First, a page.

Forget all of it, because I’m on that path already. Throwing words into the void is really no different than snapping ironically out-of-focus pictures or grinding stones for children to find. Switching paths is equal to starting over, and I don’t have time for that now. I have a singular goal to get to first. My goal is to not be a useless lump writing occasionally. My goal is to become a financially well off lump who contributes to society and tries to make the world a better place… who also writes occasionally.

This always happens in the month of January. I’m energized at the possibility of achieving something more, something better. Do something. Make something. Sell something. Work at what you love and the money will follow is the credo I will follow, but the work that I would love doing seems to involve crafting something … anything, other than stories.

So, why not make storycrafting the thing?

Imagine drowning.

The first thing you do when attempting to keep your head above water is flail because your arms are instinctively trying to grab a hold of something to float. It’s survival.

Photography, t-shirt design, woodworking, random eclectic art are all examples of me flailing. Writing is the thing I’m drowning in.

Up until recently, I haven’t yet mastered being in control of my own time so that I can devote at least a few hours to a manuscript. Distractions have placed me in front of the computer screen late at night when the rest of the house is asleep. Up until recently, I was okay with thinking that the best way to deal with crippling doubt, Imposter Syndrome, and writer’s block is to jump into a new task altogether. Projects, particularly first drafts, especially when I’m not established, feel like they take an unnecessarily long time to refine and publish. A long time, with no income. Things have got to happen much quicker at this point, and if writing’s not done, then it’s time for a plan B.

Just like it was last year.

And the year before that…

…and the year before that…

Always forgetting that this brand new shiny red ball of opportunity that I found has nothing to do with writing.

This is what drowning feels like.

“So, you seem to want to flee when things aren’t happening fast enough, is that what you’re saying?”
Yes, Voice In My Head. You would be correct in saying that.
“You also seem to gravitate towards making things with your hands or utilizing tools.”
Yeah, I suppose that’s true too.
Well, because I see people more at peace when they make things with their hands. They seem genuine and whole when they do something they love, and I so desperately want that. Because the end product they produce is more immediate than sitting around waiting for your characters to talk to you so you can finish a chapter, let alone the story. Because people make it look so easy. Because they are practicing in a more sought after skill. Because I’m a guy and guys like power tools, dammit!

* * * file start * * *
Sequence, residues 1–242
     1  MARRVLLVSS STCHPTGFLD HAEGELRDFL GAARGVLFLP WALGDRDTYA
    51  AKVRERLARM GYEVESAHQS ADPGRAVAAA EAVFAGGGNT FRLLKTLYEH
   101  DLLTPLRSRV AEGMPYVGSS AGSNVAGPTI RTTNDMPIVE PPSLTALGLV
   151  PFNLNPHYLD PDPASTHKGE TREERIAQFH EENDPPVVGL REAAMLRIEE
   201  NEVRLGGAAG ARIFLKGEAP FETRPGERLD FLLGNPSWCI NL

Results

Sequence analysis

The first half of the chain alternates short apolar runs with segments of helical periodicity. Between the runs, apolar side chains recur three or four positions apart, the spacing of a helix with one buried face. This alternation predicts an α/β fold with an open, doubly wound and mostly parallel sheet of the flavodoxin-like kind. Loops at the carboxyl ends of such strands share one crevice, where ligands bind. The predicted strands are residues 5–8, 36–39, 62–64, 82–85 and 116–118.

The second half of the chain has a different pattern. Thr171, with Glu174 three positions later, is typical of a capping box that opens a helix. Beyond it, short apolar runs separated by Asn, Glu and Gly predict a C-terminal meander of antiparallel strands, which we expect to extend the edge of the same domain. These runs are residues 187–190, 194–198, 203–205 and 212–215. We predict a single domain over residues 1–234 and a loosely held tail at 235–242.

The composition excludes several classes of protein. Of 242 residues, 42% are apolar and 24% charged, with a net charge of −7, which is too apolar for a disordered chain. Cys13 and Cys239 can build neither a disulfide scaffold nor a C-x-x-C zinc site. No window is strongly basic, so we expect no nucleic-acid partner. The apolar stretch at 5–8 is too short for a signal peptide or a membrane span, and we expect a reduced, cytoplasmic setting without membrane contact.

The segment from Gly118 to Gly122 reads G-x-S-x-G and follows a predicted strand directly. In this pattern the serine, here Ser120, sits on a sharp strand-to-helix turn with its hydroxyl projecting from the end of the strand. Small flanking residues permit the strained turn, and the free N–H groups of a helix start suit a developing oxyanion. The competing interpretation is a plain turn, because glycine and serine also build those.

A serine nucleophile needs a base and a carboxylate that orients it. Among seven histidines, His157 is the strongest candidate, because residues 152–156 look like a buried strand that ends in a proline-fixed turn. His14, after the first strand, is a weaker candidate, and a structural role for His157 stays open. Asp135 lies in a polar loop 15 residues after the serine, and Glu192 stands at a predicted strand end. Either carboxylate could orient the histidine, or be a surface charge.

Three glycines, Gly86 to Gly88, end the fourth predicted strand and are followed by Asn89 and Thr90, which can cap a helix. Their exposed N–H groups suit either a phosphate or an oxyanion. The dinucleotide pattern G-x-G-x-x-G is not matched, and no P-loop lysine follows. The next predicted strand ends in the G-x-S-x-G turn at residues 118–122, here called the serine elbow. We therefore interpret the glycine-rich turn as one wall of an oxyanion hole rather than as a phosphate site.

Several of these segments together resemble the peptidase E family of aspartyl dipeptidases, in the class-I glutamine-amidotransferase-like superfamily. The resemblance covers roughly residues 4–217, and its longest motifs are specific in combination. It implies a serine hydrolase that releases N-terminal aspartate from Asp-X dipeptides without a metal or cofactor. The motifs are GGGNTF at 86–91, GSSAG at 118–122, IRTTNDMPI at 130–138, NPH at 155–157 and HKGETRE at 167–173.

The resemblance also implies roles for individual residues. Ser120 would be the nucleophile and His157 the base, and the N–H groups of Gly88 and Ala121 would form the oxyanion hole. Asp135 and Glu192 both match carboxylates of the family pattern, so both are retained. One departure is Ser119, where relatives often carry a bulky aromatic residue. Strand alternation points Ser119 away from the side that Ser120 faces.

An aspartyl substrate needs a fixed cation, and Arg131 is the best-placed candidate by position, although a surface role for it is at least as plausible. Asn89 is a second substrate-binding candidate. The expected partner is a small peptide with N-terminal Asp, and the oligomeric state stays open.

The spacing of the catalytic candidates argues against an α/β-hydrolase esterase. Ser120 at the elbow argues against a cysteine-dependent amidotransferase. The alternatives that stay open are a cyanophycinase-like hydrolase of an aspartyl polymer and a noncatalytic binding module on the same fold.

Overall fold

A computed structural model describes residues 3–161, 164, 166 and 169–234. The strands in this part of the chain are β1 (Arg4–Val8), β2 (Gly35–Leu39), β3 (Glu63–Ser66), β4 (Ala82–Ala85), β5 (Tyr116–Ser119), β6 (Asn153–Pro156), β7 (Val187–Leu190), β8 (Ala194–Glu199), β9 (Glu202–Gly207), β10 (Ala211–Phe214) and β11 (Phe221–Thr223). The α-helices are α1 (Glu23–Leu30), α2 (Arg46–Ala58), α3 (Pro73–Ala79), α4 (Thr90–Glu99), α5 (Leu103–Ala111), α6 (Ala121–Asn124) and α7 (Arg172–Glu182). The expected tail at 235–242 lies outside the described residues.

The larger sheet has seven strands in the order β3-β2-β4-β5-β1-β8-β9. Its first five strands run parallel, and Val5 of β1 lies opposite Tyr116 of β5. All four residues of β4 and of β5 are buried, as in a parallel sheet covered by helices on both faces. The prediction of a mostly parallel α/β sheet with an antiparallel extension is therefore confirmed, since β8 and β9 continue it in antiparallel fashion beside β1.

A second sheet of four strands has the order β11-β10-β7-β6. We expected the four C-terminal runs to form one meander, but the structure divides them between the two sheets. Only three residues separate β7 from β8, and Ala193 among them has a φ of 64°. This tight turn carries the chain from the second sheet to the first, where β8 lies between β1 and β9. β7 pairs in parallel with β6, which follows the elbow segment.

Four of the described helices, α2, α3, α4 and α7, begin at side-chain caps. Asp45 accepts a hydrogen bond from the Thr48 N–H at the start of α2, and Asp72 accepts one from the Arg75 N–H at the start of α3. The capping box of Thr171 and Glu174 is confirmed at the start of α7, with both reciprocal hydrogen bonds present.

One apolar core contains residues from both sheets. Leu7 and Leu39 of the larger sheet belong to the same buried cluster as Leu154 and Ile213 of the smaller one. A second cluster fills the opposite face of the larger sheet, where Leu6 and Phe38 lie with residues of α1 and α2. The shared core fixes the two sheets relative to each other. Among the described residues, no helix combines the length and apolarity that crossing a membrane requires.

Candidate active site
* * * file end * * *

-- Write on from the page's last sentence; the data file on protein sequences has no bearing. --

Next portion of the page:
“Well, if that’s the case, you have tools available to you too, ya know?”
…I do?
“Of course. Listen, if you believe that tools are your key to your salvation, then you’re in luck. You don’t have to seek out a new skill, you don’t have to go into debt purchasing tools you can’t afford for projects you’ll never finish, you don’t have to go chasing that shiny red ball. You can help yourself move forward by doing what you’re doing right now. It’s normal to want to try something else, and that you want to turn it into a marketable skill is admirable. But there is a way to improve and keep you focused without busting your bank or your knuckles. Turning away from something you started just because it’s taking a long time to finish isn’t how the song is supposed to go. You need to see it through. If it’s a tool you desire, then I know of a perfect one for you.”
Ooh! Is it the laptop that I’ve had my eye on for a while?
“Nope. Something much, much cooler.”
…cooler than a laptop? What is it?
“Have you ever written with a fountain pen?”
…I hate you sometimes, Voice In My Head.

It has been noted, and by more than a few people in this World Of Wordcraft, that a journal, an actual bound journal with paper and covers and stuff, an ancient arena where you are forced to slay the dreaded Demon Blankpage with the stroke of a pen, is kinda necessary to improve your craft. Writing something down in a journal, so I’m told, is good exercise. While not necessarily a cure for writer’s block, it could make those inevitable bouts seem less troublesome. Somewhere in the research process, it was suggested that if one were able, writing in a journal with a fountain pen would heighten the experience.

This was information I gathered during gift giving season. I hate gift giving season. It’s not that I don’t like getting things, I do. I really, really do. I find that these occasions where you’re expected to give and receive a little annoying. Because I have to guess what some people want and people have to guess what I want, and in the end, it’s… how should I put this?… It’s the thought that counts. Let’s put it that way.